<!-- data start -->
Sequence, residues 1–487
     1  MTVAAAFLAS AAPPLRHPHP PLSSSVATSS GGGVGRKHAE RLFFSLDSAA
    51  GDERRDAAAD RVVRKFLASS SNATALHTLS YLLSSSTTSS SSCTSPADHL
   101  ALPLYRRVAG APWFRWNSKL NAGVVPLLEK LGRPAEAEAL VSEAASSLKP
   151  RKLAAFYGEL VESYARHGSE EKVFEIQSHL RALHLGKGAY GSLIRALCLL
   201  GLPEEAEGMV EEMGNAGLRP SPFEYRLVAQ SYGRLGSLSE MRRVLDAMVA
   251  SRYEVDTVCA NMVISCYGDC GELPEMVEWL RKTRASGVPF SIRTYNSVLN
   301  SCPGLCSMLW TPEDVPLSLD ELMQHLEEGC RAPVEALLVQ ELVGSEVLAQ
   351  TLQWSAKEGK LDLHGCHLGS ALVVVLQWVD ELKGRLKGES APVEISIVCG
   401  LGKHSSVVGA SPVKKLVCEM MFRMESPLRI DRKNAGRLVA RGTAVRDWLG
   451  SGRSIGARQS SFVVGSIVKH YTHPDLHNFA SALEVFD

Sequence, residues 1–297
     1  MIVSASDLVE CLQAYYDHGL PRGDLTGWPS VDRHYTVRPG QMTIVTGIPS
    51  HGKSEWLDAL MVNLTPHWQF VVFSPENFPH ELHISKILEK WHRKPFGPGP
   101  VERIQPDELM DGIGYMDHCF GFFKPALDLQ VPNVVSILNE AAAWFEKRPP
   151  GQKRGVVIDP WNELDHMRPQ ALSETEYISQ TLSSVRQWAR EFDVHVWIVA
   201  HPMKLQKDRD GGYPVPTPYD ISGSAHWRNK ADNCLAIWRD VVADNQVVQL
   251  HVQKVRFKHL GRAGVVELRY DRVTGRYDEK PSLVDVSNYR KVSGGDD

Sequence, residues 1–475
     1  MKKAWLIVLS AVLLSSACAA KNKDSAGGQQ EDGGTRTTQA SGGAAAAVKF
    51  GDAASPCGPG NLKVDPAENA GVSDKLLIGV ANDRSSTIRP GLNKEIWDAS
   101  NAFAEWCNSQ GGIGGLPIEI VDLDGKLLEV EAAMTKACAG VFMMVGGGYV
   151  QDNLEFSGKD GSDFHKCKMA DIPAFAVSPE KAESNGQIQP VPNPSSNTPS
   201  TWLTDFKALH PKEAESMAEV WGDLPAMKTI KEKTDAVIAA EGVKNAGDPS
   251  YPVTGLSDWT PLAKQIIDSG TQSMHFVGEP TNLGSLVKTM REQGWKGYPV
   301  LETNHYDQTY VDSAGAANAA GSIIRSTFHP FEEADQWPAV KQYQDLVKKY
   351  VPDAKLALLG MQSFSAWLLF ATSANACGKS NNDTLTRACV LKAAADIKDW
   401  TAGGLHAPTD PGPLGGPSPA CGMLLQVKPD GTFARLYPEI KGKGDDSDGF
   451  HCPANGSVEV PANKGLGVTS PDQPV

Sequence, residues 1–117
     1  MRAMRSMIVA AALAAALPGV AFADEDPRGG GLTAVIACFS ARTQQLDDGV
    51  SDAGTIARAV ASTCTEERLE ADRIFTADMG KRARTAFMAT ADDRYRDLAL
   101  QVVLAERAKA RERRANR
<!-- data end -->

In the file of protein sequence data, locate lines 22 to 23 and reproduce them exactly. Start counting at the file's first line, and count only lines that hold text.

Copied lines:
   101  NAFAEWCNSQ GGIGGLPIEI VDLDGKLLEV EAAMTKACAG VFMMVGGGYV
   151  QDNLEFSGKD GSDFHKCKMA DIPAFAVSPE KAESNGQIQP VPNPSSNTPS